I will show you something, Professor Dr. Peter C. Dienel said and took a flyer from the inside pocket of his jacket. On it was written: “If you want to live a happy life, connect it with a goal. Albert Einstein. You see, he went on, Albert Einstein was right. This was in April 2005 during an interview with Peter Dienel. At 82 years of age, he seemed satisfied and balanced, pursuing his goal of making the planning cell he had invented a regular tool of politics. Peter Dienel was born on 28 October 1923 in Berlin-Steglitz, into a pious family. He spent the Second World War in the East, not without trying to stay in Berlin. At the end of the war he reports to the Americans and is taken prisoner. But soon he returns to Berlin. There he studies theology again at the Humboldt University. From 1952 he is active in the social sector, in the Steglitz Youth Home for young people from the Zone, which he co-founded. In 1961 and after a successful study of sociology, he received his doctorate under Helmut Schelsky on the voluntary church. Sociology was without doubt the discipline of Peter Dienel. He described it as a very healthy science. His argument for it was that it disillusioned the world and allowed us to come closer to reality. The sociologist meets the missionary From 1961 Peter Dienel worked at the Protestant Academy Loccum as a conference leader. In 1968 he becomes a member of the planning staff of the State Chancellery of North Rhine-Westphalia. During this time, the usual political and bureaucratic decision-making processes oppress him: They are not oriented towards the urgent long-term issues, but rather focus again and again on the problems that can be solved in the short term. Moreover, the participation of – laypersons is almost impossible. Everything is decided behind closed doors. In response to this deficit, Dienel has been developing the concept of the Planning Cell (PZ) since 1970. This makes him one of the first to open the way for participatory democracy in Germany. Dienel defined the planning cell as a group of 25 citizens selected at random, who are informed and assisted first-hand by two process facilitators to work out solutions to a problem they are confronted with and which is considered difficult to solve. These random jurors are released from their workday duties for four days and are remunerated for this time. Several such planning cells work according to the same pattern, their results are merged and published as citizen’s reports.

In 1978, after a 7-year test phase of the procedure, the book Die Planungszelle (The Planning Cell) was published, which presents the procedure. Dienel starts a long work with it: He has to convince the political functionaries. The sociologist becomes the missionary of a new form of democracy. And religion is a motivation for this: I was religiously motivated, he said, and added: “This was a very personal and unobtrusive, but convincing way […] for others to do it. Democracy is sparkling again. But the idea is spreading slowly. Peter Dienel was ahead of his time with the concept of the planning cell. Today it is still considered an unconventional tool. But Dienel believed in its future; he was hardly interested in the past: “I did not attach importance to self-documentation. He thought about tomorrow: When tens of thousands of planning cells will take place each year and millions of people will participate. In the course of time he probably came a little closer to his dream. The concept of the planning cell has been and is being used successfully: Since 1978, far more than 300 planning cells have been organized, in which more than 8000 random jurors have participated, mostly for 4 days.   The planning cell enables participants to exercise their role as citizens, a function which is normally performed today by professional politicians, professional citizens. For Dienel, it follows from taking the sovereignty of the sovereign seriously that democracy is sparkling again. The model was exported. Amongst others to England, Austria, Spain or Australia and recently to Japan. The year before his death, Peter Dienel travelled to Novosibirsk to present the model to the Association of Russian Mayors. When asked whether he saw himself as a pioneer of participatory democracy, he answered modestly: I don’t care. What was important to him was that people discovered and used this model. However, Dienel never spoke about the weaknesses of the model. Family The fact that the idea had found him and he had found the idea also affected his family: “But I spent a lot of time on the project […] My children hardly saw their father at all. His life’s work was the planning cell, which he developed and worked out at the expense of his private life. In 1957 he married Dorothea Mallau, with whom he has two sons and a daughter. His retirement in 1988 did not change the course of his mission. He continued to travel with his briefcase to Bonn, Berlin or Munich: to present the model, to meet people, to look at current planning cells and also to initiate new projects.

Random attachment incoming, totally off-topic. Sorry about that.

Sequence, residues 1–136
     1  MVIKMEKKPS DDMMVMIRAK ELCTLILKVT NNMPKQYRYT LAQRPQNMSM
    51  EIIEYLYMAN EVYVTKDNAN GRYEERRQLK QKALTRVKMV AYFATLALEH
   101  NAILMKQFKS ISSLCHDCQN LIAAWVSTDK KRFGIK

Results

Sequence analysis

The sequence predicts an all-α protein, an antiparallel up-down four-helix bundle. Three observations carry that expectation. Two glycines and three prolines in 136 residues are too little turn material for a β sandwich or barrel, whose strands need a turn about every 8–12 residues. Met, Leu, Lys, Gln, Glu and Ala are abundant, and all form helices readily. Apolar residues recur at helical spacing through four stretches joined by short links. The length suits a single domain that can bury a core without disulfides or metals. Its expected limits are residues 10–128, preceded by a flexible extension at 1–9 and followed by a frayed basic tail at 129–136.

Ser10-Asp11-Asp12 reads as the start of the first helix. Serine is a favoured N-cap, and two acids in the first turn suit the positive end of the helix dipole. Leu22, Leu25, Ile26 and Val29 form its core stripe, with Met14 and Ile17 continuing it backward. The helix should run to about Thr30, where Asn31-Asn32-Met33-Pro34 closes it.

Dienel’s Utopia A conversation with Professor Dienel was enough to answer the question of whether Dienel’s utopia was feasible: whether it was possible? Yes, why not? he answered me. Then he went on: democracy is a very daring attempt, […] and what we are doing is a piece of the realisation of democracy. A big piece even. And the 82-year-old did not ask himself the question of succession: “I did not have the time to look for a successor. But Dienel was not worried about his project: “People will take it up. And people actually do it. Peter Dienel has inspired a whole range of students, elected officials, civil servants and journalists with his idea. People who will not let his work disappear into oblivion. The way in which he looked at the world and his work, the determined actionism, made Dienel a purely empirical sociologist. His main preoccupation was to try out. “Is it better to have groups of five or a plenary session for a fruitful discussion? How do you get citizens to participate? What role does financial compensation play?” He only asked himself that question to improve the model. What emerged is an incomparable database of experimental sociology. Each planning cell is a laboratory of group dynamics, of deliberation, of sociological interactions. All that is missing are the studies that Peter Dienel did not want to conduct. Creative disorder? In early February I visited his grave in Steglitz. Sadly and quietly, I searched for the exact location. When I finally found it, I had to smile again. It looked like a construction site: because of the unstable ground the grave had to be fortified with wood. The crowns lay on the sand, the gravestone on the side. The grave, like the human being, had a somewhat chaotic appearance and at the same time an impressive and lively attraction.
(published in: Soziologie, 2007, Jg. 36, H. 3, S. 328-330, ISSN 0340-918X)